Meet Tom A.
We all need support – not just the child on the spectrum. It’s obvious that Autism Speaks is an organization that is always working towards meaningful change in the autism community.
Seeing autism through the eyes of a grandfather
Tom A. didn’t know much about autism spectrum disorder when his grandson, Liam, was diagnosed 18 years ago. Although he thought Liam was different than other children his age because of his disinterest in physical affection and his love of being bundled in heavy blankets, it wasn’t until tragedy struck that he realized there was more to it.
“When Liam was around 18 months, he nearly died when he crawled into the fireplace up in our cabin in northern Minnesota. He was airlifted to the nearest hospital for extensive skin grafts and round-the-clock critical care for severe burns. I’ve never been that scared in my entire life,” Tom said.
“But it was as if he didn’t even realize what he did was wrong – almost unfazed by everything that was happening. Around that same time, he started to regress in many areas and even stopped using words. I think it was at that point that my daughter and her husband decided that he needed to be evaluated.”
Liam was officially diagnosed with autism around his second birthday, and his parents immediately enrolled him in a variety of therapies and special education services to put him on the best path to achieve his full potential. Tom explains that not only was it a long process for Liam’s parents to find him the proper services he needed at the time, but also stressful because of the lack of readily available information.
As an executive at UnitedHealthcare for the past 17 years, Tom knows how important it is for families to have access to critical services for their children and grandchildren. His family’s struggles during the early stages of Liam’s diagnosis led him to become a regular supporter of Autism Speaks’ mission to promote solutions, across the spectrum and throughout the life span, for the needs of people with autism and their families.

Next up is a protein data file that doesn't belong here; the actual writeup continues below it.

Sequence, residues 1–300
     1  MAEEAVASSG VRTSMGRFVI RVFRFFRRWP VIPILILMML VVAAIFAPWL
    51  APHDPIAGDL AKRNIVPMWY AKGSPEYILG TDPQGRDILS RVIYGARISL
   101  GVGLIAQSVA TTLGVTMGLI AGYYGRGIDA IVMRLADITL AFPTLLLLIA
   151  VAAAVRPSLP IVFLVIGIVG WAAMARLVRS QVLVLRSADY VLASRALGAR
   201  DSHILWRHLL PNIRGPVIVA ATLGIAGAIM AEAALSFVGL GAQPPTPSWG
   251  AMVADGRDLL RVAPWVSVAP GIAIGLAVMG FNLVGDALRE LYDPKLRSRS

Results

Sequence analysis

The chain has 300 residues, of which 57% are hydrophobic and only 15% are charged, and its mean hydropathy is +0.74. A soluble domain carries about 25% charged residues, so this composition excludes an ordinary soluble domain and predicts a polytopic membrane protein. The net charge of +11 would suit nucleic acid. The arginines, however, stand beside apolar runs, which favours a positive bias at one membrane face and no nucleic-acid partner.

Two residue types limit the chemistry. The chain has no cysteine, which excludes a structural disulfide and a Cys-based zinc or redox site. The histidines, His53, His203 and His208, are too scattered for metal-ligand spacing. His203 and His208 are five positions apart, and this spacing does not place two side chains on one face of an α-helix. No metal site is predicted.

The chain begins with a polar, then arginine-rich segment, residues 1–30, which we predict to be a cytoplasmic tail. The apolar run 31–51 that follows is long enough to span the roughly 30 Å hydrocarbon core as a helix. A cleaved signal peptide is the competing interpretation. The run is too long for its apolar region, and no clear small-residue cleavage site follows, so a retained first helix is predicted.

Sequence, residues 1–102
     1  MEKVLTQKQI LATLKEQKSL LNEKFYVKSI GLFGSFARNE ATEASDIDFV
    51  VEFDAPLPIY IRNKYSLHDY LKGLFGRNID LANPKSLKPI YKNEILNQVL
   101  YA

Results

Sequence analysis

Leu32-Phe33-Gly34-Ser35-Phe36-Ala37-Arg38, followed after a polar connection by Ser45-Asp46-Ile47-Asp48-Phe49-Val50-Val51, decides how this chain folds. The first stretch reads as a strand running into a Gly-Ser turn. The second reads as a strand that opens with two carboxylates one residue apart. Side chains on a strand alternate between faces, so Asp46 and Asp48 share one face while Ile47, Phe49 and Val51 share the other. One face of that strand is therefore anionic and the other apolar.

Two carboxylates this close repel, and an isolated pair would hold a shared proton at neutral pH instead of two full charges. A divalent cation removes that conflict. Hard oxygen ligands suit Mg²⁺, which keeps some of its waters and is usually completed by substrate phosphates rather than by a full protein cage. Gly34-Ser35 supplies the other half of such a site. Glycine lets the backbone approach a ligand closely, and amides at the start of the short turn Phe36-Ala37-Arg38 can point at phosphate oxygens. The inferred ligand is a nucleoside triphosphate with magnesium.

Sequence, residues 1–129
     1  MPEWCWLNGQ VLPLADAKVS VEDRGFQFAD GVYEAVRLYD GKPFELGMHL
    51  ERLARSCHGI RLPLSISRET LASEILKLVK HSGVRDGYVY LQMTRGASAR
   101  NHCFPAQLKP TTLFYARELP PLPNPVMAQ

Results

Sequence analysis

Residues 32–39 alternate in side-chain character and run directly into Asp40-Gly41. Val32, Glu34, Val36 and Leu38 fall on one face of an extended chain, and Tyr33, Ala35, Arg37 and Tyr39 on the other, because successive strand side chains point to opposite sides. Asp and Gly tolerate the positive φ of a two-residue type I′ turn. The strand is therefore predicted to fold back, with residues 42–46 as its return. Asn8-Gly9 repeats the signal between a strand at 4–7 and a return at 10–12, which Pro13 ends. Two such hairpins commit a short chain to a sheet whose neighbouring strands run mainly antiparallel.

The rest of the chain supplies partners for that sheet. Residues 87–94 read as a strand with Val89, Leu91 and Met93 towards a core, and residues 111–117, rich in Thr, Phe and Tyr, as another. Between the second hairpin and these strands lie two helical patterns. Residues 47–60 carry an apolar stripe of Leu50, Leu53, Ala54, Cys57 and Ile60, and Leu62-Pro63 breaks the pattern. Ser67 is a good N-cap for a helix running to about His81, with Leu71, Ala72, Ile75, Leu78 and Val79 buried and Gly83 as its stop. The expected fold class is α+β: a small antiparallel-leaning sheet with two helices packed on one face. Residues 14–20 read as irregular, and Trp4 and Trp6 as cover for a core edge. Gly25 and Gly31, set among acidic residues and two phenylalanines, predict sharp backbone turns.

“They are the ideal central hub for everything you need when it comes to autism and autism-related services, especially for helping parents and grandparents through the entire process. We all need support – not just the child on the spectrum. It’s obvious that Autism Speaks is an organization that is always working towards meaningful change in the autism community.”
Now, as Liam transitions into adulthood, job opportunities for people with autism can seem hard to come by, and Tom can’t help but worry what the future holds for his grandson. That’s why employment is such a core focus of Tom’s support of Autism Speaks’ mission.
“Today, Liam is a happy, funny 20-year-old kid, who has come such a long way. He is still severely impacted by his autism, but the strides he has made thanks to ABA therapy, music therapy, speech and occupational therapies, and special education classes have been astounding. His parents are constantly in search of employment opportunities for him, but it’s an uphill battle. He’s worked at Walgreens and Target stocking shelves, which he loves, but we want more for him,” Tom said.
National data shows that most autistic adults are unemployed or underemployed, despite being ready, willing and eager to work. Autism Speaks, together with our partners, is committed to changing this through initiatives that support people with autism to find, secure and keep meaningful work. Together with Best Buddies, Special Olympics and the Entertainment Industry Foundation, we teamed up to launch Delivering Jobs, an inclusion campaign dedicated to equipping people with autism, intellectual and/or developmental differences with the resources and skills needed for employment and leadership opportunities.
Learn more about Autism Speaks employment efforts. There, you can access our Employment Tool Kit, which helps people on the spectrum research, find and keep employment, and our Autism Empowerment Kit, designed for businesses that want to learn more about hiring and retaining employees on the spectrum and much more! Adults and young adults on the spectrum can also prepare for employment through the Transition Roadmap to Meaningful Employment.